As NIH and MSH data contained patient identifiers, all NIH and MSH patients were separated into fixed train (70%), tune (10%), and test (20%) groups (S2 Fig). IU data did not contain patient identifiers. In the case of pneumonia detection, 100% of IU data was reserved for use as an external test set. IU data were used for training only to detect hospital system and in this case were separated into fixed train (70%), tune (10%), and test (20%) groups using an identifier corresponding to accession number (e.g., which radiographs were obtained at the same time on the same patient). Test data were not available to CNNs during model training, and all results reported in this study are calculated exclusively on test data.
Preprocessing: Identifying MSH portable scans from inpatient wards and the emergency department
Of 42,396 MSH radiographs, 39,574 contained a label indicating whether they were portable radiographs; 31,838 were labeled as portable. We identified a subset of 31,076 MSH portable radiographs that documented the department of acquisition, with 28,841 from inpatient wards and 2,235 from the emergency department.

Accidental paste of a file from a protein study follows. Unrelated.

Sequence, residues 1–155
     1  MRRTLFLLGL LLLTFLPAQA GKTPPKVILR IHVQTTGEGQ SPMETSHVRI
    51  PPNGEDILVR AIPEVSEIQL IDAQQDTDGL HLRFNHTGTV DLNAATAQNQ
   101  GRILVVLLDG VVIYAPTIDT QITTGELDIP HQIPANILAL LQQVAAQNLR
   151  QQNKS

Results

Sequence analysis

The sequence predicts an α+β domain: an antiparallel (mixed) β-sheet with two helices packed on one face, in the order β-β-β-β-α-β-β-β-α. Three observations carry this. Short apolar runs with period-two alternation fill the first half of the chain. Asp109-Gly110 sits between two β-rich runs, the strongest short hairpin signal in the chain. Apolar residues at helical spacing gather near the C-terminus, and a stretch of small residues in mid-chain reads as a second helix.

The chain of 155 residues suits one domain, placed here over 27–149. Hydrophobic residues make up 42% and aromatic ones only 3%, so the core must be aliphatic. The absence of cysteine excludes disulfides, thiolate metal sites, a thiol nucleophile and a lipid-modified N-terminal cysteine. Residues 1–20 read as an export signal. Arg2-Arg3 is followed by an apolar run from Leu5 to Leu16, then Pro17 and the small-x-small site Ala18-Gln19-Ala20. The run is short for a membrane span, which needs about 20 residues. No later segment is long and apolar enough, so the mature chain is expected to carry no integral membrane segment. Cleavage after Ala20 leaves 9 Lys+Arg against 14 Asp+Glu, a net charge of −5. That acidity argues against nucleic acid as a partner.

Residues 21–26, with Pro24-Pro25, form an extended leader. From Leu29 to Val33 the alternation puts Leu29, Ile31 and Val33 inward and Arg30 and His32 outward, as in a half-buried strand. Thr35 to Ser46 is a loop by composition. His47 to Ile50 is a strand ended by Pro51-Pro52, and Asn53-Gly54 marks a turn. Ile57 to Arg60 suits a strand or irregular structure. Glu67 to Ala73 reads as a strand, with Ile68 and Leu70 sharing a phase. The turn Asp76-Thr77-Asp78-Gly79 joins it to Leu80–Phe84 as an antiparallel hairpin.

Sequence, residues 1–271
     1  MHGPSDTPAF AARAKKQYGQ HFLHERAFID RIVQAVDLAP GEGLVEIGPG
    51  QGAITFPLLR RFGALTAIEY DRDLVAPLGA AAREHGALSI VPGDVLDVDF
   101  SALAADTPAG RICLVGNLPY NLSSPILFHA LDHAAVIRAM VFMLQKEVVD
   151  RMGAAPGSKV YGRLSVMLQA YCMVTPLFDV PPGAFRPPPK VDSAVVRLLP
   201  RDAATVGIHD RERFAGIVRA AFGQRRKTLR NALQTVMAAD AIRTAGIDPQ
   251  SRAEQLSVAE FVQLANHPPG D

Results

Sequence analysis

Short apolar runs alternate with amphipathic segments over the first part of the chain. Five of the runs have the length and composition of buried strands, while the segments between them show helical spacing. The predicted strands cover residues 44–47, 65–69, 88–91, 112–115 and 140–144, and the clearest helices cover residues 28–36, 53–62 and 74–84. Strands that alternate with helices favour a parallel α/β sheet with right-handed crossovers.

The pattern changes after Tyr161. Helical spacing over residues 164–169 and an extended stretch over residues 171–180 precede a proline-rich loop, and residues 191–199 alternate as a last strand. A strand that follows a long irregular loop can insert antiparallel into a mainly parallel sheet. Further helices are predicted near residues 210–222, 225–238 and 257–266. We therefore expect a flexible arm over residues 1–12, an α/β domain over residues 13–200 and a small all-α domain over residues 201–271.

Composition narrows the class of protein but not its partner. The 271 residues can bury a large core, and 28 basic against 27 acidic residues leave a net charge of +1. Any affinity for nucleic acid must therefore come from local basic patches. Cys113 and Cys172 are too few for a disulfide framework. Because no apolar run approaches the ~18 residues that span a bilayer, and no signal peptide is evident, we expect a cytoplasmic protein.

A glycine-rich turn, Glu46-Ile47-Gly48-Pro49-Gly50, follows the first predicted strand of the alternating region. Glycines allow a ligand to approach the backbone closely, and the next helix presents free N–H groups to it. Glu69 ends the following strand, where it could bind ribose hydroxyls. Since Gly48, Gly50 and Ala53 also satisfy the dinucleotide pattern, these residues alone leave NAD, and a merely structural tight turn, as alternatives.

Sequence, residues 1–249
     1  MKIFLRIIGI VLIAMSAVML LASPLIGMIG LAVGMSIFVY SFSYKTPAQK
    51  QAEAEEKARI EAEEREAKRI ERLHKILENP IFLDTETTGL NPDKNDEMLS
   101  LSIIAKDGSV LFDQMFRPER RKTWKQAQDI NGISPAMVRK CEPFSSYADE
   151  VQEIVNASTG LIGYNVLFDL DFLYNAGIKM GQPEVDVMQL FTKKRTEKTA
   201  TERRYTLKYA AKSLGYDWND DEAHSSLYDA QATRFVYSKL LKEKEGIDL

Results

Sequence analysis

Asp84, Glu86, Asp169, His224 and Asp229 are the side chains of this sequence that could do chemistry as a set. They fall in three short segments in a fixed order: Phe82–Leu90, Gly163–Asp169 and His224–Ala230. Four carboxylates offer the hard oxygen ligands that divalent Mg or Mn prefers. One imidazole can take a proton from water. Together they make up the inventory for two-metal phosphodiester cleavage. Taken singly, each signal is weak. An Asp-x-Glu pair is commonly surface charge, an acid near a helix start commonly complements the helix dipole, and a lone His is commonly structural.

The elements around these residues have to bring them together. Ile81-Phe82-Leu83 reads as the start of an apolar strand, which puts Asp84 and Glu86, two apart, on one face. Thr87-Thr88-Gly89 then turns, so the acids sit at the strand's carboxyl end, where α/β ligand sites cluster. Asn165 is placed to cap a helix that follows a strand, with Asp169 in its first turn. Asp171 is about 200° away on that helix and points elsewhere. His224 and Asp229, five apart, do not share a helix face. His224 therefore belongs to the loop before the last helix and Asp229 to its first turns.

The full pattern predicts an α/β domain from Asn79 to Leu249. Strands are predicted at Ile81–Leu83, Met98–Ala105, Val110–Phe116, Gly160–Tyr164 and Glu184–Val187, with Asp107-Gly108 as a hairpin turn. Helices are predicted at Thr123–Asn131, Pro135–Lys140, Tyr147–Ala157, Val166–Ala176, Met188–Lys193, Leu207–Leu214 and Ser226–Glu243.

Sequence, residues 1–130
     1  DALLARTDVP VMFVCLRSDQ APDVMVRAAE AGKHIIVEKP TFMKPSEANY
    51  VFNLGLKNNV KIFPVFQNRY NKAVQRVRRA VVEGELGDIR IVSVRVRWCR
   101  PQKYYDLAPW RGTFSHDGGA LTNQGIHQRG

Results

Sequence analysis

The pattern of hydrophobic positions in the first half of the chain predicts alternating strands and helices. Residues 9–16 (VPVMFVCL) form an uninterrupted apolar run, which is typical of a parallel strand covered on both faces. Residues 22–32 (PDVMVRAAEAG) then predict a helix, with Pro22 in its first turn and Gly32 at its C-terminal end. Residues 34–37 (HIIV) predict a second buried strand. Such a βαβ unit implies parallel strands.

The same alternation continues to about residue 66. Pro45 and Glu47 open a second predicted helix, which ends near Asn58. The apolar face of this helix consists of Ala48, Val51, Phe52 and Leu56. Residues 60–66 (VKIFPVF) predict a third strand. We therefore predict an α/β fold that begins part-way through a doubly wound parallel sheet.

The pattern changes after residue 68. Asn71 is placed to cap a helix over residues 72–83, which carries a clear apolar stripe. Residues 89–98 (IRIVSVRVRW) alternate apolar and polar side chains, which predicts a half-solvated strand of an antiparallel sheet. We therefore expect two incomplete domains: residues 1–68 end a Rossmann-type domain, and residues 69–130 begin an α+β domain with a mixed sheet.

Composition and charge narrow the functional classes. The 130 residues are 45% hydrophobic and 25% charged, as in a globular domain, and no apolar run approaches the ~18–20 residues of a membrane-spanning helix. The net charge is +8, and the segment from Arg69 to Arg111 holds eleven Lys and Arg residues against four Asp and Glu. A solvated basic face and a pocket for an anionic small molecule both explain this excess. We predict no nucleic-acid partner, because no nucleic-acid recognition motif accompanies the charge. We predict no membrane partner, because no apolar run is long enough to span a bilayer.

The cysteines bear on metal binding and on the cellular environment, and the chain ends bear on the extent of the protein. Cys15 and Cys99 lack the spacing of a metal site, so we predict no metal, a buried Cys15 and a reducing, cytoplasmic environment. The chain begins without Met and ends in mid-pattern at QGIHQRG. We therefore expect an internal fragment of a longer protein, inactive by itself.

PyTorch 0.2.0 and torchvision were used for model training . All images were resized to 224 × 224. CNNs used for experiments were trained with DenseNet-121 architecture with an additional dense layer (n = 15) attached to the original bottleneck layer and sigmoid activation (for binary classification) or a linear layer with output dimension equal to that of the classification label followed by softmax activation (for n > 2 multiclass prediction) . This additional dense layer was added to facilitate extraction of bottleneck features in a reduced dimension. A DenseNet architecture with weights pretrained to ImageNet was chosen to facilitate comparison with recent work on pneumonia detection in radiographs by Rajpurkar and colleagues and for its state-of-the-art results on standard computer vision datasets . All models were trained using a cross-entropy loss function with parameter update by stochastic gradient descent with momentum, initial learning rate 0.01, momentum 0.9, and weight decay 0.0001. Learning rate was decayed by a factor of 10 after each epoch with no improvement in validation loss, and training was stopped after three epochs with no improvement in validation loss.
Internal and external performance testing